Saturday, October 6, 2012

Meanwhile... back in what passes for reality these days...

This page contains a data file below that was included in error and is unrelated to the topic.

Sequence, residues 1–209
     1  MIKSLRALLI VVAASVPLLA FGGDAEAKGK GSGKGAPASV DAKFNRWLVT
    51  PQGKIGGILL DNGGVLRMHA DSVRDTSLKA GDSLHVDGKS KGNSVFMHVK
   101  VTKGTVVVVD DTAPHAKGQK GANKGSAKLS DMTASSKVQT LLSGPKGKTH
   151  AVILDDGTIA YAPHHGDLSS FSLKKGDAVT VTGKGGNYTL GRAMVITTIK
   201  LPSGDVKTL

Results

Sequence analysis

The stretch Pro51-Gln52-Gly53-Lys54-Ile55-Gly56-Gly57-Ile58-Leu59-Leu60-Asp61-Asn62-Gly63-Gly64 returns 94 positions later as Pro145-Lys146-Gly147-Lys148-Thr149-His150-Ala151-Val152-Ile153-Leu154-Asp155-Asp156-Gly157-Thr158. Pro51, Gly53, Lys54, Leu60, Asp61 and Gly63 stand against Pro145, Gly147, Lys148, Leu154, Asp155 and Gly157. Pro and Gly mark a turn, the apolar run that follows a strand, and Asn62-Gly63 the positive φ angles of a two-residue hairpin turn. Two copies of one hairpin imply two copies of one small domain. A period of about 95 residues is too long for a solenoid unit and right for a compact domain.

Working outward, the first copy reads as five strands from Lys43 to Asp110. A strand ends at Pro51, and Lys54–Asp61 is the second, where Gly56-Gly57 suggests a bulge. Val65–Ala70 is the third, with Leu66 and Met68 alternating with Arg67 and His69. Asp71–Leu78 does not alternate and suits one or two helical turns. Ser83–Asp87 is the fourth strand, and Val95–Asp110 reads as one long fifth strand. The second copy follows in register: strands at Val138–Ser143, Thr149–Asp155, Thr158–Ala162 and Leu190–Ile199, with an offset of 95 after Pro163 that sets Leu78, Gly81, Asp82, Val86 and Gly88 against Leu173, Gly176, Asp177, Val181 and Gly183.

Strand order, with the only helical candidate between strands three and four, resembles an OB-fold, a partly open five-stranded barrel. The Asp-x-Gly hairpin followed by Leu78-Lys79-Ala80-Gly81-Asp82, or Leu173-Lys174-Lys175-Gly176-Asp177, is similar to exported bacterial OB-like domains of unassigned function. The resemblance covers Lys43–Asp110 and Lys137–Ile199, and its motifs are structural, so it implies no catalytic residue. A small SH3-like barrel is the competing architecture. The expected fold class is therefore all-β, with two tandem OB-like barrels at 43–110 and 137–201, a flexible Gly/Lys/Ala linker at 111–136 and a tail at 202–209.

Okay, I had told myself that I would show restraint. I've tried, I've really tried. I don't want to spend my time preaching to the converted. But I just can't ignore the current political "news" any longer. There have been several fun images worth re-posting which have appeared since the 'Great Debate' between President Obama and President-wanna-be Mitt Romney. Romney came off as a preppy on speed, obnoxiously interrupting and speaking over both the debate moderator and the President of the United States. There is such a thing as respect, Mitt. It might help if you learned to show it, even if you can't quite connect with the concept of humility which goes along with it.   For his part, Obama seemed tired, first exhibiting the kind of patience a parent shows a child who has just discovered that there is injustice in the world, then tolerance, then peevishness, and only occasionally delving into momentary flashes of frustration. Romney constantly noted that the President was misinformed about his (Romney's) proposals, most of which were stunningly different than those on which he has been running since the start of the primaries and which are contained the Republican Party Platform he helped create. The President let him get away with it. Jeezus, Obama - when the hell are you going to stand up and tell these people off? It's time you called the Republicans on their lies and noted that it is they who have refused to work with you and your administration. You are letting them get away with re-writing your administration's history and spreading it as vote-for-Republican-propaganda-manure. Man up and fight back, damn-it.